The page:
SINGAPORE – A collaboration between two temples, a mosque, two tentage companies and a basic leader that resulted in about 1,000 Muslim municipalities that have a protected area for prayers of Hari Raya Haji on Wednesday (Aug. 22) Has praised online.
The collaboration was first exposed in a Facebook post by Bukit Batok SMC MP Murali Pillai, who posted a picture of a tent set up at block 630 in Bukit Batok.
"Although it rained heavily, our Muslim friends were able to finish their prayers", Mr Murali wrote.
"A good example of multi-religious cooperation in Bukit Batok!"
The Muslim community celebrated Hari Raya Haji, also known as Eid al-Adha or the sacrificial feast. It marks the end of the pilgrimage to Mecca.
M. Murali told The Straits Times that the congregation members should go to the nearby Masjid Ar-Raudhah mosque to lead the prayers if the tentage had not been erected. But because of the limited space in the mosque, this would have led to a tight situation, he said.
The mosque is about 1 km away from where the tent was set up.
Mr. Lim Siong, a volunteer with the Inter-Racial and Religious Confidence Circles, led the series of events when he attended an event at the Hungry Ghost Festival on Saturday night at the Lian Sheng Tan Temple.
The original plan was for Lian Sheng Tan to cancel their tentage by Monday before Shan Fu Gong enters to set up another tent that covers a larger area on Thursday.
When Mr. Lim realized that the tentage had already been set up, he contacted leaders in both temples to see if an arrangement could be made to keep them up all week.
Lim, 70, said in Mandarin: "I realized that the weather forecast was not good for the week, so I was worried about the Hari Raya Haji event on Wednesday because I knew about 1,000 people will be present.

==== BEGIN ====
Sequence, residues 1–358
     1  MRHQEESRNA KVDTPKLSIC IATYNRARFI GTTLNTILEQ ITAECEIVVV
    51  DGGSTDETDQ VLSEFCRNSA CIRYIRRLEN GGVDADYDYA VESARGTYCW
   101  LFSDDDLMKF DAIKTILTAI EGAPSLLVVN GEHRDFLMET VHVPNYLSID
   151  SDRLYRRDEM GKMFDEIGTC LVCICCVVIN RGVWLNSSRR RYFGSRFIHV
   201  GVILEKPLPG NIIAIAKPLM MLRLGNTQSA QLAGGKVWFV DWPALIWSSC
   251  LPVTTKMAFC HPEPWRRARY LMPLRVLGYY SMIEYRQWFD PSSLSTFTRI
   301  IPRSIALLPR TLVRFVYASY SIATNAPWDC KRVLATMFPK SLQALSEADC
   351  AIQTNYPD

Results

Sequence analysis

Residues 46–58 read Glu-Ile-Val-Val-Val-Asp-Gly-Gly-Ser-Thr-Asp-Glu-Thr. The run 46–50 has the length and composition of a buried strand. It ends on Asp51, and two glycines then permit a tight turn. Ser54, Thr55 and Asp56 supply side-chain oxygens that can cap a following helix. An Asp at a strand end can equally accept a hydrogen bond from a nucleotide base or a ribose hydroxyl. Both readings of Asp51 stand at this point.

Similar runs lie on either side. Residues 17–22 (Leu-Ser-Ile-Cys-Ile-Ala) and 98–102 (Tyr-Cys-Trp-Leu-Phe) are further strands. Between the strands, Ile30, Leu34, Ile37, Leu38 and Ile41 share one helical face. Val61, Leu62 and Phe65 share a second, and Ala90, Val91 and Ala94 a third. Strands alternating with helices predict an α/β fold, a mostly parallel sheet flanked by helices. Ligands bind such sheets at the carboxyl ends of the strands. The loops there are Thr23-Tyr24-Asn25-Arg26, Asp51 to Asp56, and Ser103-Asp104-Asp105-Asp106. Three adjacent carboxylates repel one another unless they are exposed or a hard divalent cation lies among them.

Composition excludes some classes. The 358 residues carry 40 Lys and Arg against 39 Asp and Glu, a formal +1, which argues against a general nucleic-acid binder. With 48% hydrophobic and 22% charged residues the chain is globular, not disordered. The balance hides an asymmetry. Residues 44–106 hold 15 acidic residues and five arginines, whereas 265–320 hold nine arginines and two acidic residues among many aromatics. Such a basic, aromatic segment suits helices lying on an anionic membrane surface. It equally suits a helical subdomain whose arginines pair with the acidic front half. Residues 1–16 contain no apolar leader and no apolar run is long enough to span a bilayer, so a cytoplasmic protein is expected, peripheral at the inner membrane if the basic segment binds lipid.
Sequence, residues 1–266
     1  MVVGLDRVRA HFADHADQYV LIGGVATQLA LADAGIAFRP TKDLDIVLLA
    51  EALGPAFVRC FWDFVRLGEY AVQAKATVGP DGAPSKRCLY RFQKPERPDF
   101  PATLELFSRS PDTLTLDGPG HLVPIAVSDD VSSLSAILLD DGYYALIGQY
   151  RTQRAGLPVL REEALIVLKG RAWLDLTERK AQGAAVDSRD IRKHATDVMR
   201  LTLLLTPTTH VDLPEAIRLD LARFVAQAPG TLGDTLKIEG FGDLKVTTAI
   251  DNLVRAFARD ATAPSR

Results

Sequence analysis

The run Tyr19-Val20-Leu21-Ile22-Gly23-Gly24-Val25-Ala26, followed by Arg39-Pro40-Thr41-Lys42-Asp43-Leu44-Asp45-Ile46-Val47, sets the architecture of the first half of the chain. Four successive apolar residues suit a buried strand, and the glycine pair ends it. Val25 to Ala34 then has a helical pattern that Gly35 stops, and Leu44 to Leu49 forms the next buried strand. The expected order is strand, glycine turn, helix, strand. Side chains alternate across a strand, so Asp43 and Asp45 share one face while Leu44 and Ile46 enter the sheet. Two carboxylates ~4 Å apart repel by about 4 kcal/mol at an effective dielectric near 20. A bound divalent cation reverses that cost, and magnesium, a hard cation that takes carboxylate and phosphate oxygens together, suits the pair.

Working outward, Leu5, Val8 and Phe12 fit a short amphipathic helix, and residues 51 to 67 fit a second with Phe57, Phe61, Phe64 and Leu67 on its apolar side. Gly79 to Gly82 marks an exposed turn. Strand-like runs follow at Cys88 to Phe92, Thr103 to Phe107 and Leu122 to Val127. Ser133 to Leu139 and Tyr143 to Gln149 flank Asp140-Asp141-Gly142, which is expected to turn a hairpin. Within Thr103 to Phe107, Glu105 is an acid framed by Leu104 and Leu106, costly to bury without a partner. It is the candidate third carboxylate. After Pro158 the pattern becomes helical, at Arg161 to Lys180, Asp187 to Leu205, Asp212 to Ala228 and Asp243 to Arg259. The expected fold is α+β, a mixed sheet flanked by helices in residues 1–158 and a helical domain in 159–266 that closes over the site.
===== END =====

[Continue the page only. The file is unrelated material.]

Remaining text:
"I asked the temples and the tentage companies for help and they were very satisfied with that."
Mr. Tan Boon Chin, 57, one of the leaders of the Shan Fu Gong temple, said that the arrangement to preserve the tentage up was a minor problem and that it was a win-win situation for both the temple and the temple. mosque, if the temple would now have more time to set up the extensive tentage it needed.
The temple had contacted their supplier of tents, Hup Heng Tentage, about the scheme and the company immediately agreed with the request.
Mr. Tan, speaking in a personal capacity, said he was very happy to be able to help.
"The most important asset of Singapore is religious harmony, and as long as there is harmony, there is peace," he said.
Mr. Adam Ng, the manager of Hup Heng Tentage, told ST that his company had no problems with the use of the tent by Muslim communities.
"It was not much, very simple," he said in Mandarin, stating that the church members had been very attentive in their request and only asked for a hiding place over their heads.
He added that even if church members had asked for additional supplies such as electricity, their company would continue to use the tent for free as long as the costs incurred were not too high.
During the Hungry Ghost Festival, the company charges about $ 1,000 for a day of use of the tent. However, Mr Ng has not thought much about the lost income.
"This does not happen often, so as long as all parties are in order and everything is coordinated, it's fine," he said.
Mr Murali's position has since attracted more than 2,000 responses and almost 600 shares. Many netizens who commented on the post praised the temple for his gesture.
Facebook user Suhaimi Wagiman said: "Thanks to the Shan Fu Gong temple committee that allowed us to share the tentage." Big thanks to Mr. Simon Lim Siong of Bt Batok CC who initiated the arrangement Thank you Mr. Murali who was there with Mr. Simon Lim Siong to greet the church members. & # 39;
Another Facebook user, Elendrus Osman, brought forward a similar initiative of a temple in Eunos.
Mr. Osman reported: "Similarly, there is a temple around Eunos that allows the congregation of nearby mosques parking facilities within the compound during Friday prayers, which speaks well about the management of our religious organizations.